- what is most important to this character? How do they view the world?
- Based on how they view the world, what are the first things they see, hear, smell, taste, or touch?
If I am a mountain warrior coming to this frozen lake for the first time, what do I notice? Do I spot tracks? Do I know deer have been through this area before? If I am a scholar eager and fresh out of school traveling with this warrior, what I notice is different. Do I notice how lovely the sun looks reflecting off of the peak in the distance? Am I recording what types of plants are in the area? By leaving some details out, this also builds suspense and makes your ambiance more impactful. Remember this: your characters are just as human as we are. Characters can’t look everywhere at once (unless they’re Bran from Game of Thrones, of course), and showing what they see first says not only a lot about the character you’re writing but also the world in which they live.
Where do I include ambiance?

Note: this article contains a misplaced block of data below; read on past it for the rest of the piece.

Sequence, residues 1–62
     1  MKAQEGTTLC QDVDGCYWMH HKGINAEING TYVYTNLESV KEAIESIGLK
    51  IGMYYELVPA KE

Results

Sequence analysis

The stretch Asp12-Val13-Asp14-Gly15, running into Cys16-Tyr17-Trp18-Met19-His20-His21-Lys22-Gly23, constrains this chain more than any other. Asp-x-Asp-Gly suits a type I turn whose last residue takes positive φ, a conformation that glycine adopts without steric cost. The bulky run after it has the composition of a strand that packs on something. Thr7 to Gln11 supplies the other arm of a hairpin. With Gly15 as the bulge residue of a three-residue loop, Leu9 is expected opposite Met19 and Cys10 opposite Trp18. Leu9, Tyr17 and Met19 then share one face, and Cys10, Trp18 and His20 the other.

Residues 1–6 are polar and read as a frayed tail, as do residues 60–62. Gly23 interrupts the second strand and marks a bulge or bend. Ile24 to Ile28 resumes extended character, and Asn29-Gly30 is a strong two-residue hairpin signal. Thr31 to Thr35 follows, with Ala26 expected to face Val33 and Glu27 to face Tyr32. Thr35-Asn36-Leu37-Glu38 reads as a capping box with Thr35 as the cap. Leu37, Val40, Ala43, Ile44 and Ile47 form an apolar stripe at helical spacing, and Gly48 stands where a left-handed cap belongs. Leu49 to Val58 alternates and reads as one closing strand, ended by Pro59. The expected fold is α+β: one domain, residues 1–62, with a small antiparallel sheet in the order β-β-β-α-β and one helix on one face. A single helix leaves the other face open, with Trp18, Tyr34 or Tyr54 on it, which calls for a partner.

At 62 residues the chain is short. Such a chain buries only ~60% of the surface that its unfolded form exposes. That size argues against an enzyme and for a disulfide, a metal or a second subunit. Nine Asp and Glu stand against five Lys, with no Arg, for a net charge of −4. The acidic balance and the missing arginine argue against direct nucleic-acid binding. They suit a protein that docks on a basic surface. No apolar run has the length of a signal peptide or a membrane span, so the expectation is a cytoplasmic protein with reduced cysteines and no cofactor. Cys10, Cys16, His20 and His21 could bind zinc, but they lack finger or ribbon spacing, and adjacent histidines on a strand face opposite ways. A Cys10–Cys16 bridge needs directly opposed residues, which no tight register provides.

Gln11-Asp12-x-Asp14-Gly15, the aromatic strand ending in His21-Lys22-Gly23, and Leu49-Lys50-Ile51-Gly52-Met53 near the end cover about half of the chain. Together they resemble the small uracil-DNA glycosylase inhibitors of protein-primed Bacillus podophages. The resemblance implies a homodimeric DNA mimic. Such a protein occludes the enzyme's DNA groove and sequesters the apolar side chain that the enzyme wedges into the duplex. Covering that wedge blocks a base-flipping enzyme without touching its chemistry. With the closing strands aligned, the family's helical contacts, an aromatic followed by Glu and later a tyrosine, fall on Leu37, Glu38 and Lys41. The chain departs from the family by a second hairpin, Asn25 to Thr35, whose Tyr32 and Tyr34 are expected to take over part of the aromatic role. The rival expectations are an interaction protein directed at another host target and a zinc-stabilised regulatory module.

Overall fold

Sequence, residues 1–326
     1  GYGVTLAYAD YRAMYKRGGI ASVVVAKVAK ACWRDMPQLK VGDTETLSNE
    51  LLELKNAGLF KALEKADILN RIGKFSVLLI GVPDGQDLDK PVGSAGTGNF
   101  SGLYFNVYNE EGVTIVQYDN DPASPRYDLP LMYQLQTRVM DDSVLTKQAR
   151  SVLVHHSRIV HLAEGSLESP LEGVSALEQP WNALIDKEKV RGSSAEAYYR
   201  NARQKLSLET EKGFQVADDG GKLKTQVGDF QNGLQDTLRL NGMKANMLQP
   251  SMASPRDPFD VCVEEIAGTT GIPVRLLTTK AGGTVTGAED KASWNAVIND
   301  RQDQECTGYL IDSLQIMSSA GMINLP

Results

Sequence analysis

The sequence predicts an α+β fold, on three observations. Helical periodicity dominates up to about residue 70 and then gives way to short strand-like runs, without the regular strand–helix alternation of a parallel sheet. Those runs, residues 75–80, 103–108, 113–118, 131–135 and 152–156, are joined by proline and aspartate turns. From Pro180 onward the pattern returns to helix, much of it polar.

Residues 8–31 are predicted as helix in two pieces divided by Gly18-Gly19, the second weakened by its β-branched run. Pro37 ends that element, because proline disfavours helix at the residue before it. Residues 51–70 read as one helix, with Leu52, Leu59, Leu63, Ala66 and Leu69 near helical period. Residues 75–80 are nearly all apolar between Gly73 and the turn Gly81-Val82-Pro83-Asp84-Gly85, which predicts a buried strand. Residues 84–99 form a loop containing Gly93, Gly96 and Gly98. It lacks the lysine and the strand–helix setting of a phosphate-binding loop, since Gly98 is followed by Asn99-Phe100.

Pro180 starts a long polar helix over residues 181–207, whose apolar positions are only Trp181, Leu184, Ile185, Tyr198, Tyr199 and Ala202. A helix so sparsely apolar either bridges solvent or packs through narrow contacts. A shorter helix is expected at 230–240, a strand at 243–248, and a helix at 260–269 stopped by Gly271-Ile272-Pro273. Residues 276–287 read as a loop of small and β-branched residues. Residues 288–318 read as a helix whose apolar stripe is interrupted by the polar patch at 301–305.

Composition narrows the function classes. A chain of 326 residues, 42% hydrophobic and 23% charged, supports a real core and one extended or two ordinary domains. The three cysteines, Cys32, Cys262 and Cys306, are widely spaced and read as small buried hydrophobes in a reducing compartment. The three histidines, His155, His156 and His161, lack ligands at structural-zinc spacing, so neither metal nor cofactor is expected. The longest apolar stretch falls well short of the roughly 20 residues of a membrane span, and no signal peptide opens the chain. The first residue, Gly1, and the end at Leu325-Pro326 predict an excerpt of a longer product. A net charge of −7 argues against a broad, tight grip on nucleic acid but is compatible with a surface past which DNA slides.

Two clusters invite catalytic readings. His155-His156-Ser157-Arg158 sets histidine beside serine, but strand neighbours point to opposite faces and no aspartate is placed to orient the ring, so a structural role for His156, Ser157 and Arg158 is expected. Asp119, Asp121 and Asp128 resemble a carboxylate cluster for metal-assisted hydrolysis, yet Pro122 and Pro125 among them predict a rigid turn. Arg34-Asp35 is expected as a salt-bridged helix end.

I find that the best time to include ambiance is in a longer period of breath before an intense action scene. This is the downtime your characters take to recover from near-death moments in your plot. These breathing points in my stories prevent the action from feeling too rushed and keep the readers on their toes. By taking a break and describing a little bit of the ambiance through writing, the readers get time to refresh and reset in the story. Then, by clueing the readers into the rest of the ambiance through action and character dialogue, I can direct where I want their imaginative mind to go. My readers get to experience the magic of readinggggg. When a wolf jumps from the brush and attacks a character from behind, my readers are totally in shock (surprise!). The ambiance is best not used in scenes of high tension. If someone is being attacked, they most likely do not have time to use their senses to check out the plant life in the area. Their focus will shift to the details that matter, like the face of their attacker or the armor that their assailant is wearing. Use ambiance and action alternately, not together.